Named for the rich deposits of lustrous semi-precious amber found throughout the region, the Amber Coast runs along the northern Atlantic coast from Cofresi to Nagua and boasts an assortment of seaside towns and resorts. Forests, mountains and miles of golden beach provide a playground for adventure sports seekers, with activities such as mountain biking and horse riding available, as well as a host of watersports like diving, windsurfing and kitesurfing.
The port city of Puerta Plata is the region's capital and the main tourism enclave. On the outskirts of Puerto Plata is the major Playa Dorada complex of low-rise hotels. Located in a country club setting of gardens and beautiful beaches, it's centred on an 18-hole golf course designed by the renowned golf-course architect, Robert Trent Jones. Seaside towns and communities that are also popular with visitors include Sosua and Cabarete to the east of Puerto Plata, and Cofresi to the west.
Many consider the small, laid-back seaside town, Cabarete, to be the kitesurfing and windsurfing capital of the Caribbean. The popular holiday destination has hosted international competitions since the 1980s, and is the perfect tropical setting, particularly for younger travellers seeking sun and adventure sports. Cabarete also has a buzzing beachside bar and restaurant scene. Tour operators offer plenty of other activities as well, such as hiking, surfing, canyoning, horse riding and mountain biking.
An attractive Victorian building in the centre of Puerto Plata on Duarte Street houses the Amber Museum, which showcases a unique collection of valuable Dominican amber. According to experts, the amber found in this region is the most transparent, and therefore the most valued, in the world. Classified as a semi-precious stone, the substance is actually tree resin that has hardened across millennia, often enclosing fossils of plant and insect life. The museum offers guided tours in several languages, and has a shop where a full selection of Dominican amber jewellery can be purchased.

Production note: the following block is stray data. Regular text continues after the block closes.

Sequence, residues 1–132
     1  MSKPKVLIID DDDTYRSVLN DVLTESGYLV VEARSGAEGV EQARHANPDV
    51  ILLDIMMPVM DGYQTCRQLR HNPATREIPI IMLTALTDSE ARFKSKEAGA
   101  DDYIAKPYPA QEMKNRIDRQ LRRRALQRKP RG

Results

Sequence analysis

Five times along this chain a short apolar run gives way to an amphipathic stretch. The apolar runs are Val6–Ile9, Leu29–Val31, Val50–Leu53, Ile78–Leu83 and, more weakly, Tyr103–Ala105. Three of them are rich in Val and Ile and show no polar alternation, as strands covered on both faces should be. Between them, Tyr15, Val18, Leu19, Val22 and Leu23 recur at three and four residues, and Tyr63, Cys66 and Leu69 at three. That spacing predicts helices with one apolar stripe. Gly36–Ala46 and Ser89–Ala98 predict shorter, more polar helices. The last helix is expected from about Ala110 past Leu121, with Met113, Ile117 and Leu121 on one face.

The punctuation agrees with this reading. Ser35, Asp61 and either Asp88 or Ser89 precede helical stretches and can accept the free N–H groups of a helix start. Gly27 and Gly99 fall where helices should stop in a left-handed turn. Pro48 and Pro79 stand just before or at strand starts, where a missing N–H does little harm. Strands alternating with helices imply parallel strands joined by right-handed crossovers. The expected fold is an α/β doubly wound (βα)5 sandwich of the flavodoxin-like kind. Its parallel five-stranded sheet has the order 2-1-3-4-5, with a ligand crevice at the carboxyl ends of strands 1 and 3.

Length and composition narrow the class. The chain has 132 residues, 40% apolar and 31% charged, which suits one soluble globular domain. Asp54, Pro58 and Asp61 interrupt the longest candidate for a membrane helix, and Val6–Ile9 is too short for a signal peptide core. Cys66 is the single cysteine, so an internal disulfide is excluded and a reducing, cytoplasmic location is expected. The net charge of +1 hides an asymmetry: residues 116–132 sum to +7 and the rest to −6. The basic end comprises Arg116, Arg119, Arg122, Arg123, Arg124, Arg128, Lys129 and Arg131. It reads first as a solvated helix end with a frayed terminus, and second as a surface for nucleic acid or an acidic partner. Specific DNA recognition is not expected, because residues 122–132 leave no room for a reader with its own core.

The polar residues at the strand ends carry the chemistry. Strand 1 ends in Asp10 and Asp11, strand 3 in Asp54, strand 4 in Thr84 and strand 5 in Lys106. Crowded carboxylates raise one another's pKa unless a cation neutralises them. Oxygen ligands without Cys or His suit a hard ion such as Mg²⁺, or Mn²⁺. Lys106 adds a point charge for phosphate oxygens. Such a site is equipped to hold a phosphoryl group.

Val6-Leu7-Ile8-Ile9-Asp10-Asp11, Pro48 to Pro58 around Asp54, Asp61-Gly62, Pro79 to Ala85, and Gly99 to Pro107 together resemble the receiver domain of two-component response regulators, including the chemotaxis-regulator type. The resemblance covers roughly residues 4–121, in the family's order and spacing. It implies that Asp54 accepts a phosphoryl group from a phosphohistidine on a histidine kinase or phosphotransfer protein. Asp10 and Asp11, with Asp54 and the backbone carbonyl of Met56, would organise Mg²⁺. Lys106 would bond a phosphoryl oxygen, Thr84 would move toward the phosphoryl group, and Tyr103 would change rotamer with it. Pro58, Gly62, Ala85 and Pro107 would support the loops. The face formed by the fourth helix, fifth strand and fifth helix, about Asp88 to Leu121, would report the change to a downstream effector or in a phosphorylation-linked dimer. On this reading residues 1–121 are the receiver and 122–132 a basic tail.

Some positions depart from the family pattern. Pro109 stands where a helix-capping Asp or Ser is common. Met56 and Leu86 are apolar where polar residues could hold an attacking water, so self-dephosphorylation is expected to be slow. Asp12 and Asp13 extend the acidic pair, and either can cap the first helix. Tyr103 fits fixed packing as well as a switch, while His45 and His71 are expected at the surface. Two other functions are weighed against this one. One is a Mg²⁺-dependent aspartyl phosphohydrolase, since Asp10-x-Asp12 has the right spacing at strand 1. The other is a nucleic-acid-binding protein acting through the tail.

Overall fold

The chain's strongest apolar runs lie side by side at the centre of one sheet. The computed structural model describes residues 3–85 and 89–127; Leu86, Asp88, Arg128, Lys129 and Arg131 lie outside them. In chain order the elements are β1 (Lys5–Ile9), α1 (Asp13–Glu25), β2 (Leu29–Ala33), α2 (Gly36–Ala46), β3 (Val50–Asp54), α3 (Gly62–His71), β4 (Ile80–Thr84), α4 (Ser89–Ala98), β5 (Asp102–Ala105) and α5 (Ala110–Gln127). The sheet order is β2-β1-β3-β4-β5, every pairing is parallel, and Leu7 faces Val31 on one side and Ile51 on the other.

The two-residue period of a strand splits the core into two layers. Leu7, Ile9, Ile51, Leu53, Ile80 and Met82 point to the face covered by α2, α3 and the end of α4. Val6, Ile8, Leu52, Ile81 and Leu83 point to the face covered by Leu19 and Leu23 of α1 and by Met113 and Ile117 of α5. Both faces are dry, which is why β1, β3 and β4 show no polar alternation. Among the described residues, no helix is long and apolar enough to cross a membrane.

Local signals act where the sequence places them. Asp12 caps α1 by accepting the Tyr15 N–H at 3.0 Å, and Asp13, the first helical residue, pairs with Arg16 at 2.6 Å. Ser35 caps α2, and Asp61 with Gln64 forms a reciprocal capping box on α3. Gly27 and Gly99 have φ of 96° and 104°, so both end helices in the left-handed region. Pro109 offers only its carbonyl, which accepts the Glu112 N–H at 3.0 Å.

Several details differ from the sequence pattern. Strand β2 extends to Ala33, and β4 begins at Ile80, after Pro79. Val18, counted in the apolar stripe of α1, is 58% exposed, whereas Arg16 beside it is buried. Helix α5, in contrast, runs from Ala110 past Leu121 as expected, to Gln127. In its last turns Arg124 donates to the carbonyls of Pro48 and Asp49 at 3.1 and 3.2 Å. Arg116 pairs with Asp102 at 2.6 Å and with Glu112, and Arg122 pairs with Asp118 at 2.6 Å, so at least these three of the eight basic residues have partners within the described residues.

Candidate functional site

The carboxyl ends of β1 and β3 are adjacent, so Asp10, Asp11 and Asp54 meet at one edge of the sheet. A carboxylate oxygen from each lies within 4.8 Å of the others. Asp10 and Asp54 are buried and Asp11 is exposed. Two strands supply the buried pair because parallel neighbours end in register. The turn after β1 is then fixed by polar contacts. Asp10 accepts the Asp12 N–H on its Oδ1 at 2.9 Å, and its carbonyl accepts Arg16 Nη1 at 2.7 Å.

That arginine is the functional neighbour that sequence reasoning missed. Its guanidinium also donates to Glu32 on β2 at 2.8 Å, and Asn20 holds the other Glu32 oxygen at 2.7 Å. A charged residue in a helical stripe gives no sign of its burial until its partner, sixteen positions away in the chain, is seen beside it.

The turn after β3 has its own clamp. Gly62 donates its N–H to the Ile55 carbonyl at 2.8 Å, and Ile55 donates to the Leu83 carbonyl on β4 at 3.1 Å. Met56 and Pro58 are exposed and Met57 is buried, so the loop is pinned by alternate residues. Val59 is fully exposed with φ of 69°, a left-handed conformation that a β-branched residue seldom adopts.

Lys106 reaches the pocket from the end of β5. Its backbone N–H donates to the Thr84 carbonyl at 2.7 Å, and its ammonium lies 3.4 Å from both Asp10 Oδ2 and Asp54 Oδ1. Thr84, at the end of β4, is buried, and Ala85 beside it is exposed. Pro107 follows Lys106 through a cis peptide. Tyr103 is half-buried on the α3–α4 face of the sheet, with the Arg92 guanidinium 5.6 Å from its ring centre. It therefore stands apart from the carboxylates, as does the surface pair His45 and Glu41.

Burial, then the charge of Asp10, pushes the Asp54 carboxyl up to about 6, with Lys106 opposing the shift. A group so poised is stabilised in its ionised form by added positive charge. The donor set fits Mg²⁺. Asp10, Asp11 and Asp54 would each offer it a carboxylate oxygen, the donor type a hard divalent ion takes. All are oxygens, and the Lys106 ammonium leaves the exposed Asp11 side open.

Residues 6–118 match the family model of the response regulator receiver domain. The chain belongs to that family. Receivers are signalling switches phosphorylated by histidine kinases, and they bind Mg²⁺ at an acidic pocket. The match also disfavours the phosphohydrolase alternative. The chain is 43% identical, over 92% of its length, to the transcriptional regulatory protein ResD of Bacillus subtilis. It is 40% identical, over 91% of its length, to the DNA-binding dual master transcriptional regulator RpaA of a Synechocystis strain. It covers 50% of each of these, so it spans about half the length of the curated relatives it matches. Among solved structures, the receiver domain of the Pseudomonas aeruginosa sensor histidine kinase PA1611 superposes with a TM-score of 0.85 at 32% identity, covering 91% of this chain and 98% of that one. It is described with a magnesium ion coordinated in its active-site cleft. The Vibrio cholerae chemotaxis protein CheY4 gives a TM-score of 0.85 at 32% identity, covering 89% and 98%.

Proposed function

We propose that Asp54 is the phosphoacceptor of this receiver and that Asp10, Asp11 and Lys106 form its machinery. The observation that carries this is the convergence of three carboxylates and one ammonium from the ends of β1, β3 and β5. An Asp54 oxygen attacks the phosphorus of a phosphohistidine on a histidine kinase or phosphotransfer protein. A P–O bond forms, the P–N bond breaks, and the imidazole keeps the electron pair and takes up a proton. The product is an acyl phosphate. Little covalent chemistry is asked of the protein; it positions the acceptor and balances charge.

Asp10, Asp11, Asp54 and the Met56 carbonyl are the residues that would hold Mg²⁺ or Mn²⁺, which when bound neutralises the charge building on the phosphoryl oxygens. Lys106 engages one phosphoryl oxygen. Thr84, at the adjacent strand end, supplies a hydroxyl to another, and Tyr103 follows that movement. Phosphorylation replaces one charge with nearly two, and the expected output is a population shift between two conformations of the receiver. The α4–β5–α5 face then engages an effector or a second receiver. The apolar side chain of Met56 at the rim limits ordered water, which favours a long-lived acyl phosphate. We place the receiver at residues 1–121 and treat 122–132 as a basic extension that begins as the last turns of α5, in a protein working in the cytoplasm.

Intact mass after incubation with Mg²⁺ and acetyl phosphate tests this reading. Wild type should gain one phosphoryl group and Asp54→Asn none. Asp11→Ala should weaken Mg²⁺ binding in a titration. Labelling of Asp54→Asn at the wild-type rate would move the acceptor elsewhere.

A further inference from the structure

Towering over the city of Puerto Plata is the 2,600 feet (792m) Mount Isabel de Torres, which is a popular tourist attraction in its own right. Visitors can take a spectacular seven-minute cable car ride up the mountainside to explore the summit. The botanical garden at the top boasts an amazing array of flora and fauna, as well as a cruciform statue of Jesus Christ. The statue replicates Rio de Janeiro's Christ the Redeemer. There is also a restaurant, from which diners can enjoy breathtaking views of the city and coastline.
The only remnant of Puerto Plata's Spanish Colonial past is a small fort. Built in the mid-16th century to protect the bay against pirates, it features a moat, and a collection of historical artefacts in a small museum. The fort never saw great battle, though, and was mostly used as a prison. An ocean-side road known as the Malecon lies to the east of the fort, and has many cafes and roadside vendors. It is a popular promenade for walks beside the beach.
To the east of Puerto Plata is the holiday destination of Sosua, a small village with a cosmopolitan character. Visitors will find a superb crescent-shaped beach and numerous cafés, bars and restaurants. The town was developed by a group of approximately 600 Jewish refugees from Europe who settled here in 1940, and founded the now-thriving dairy industry for which the village is noted. The original synagogue built by this expatriate community is still standing, and features a museum dedicated to the history of the community.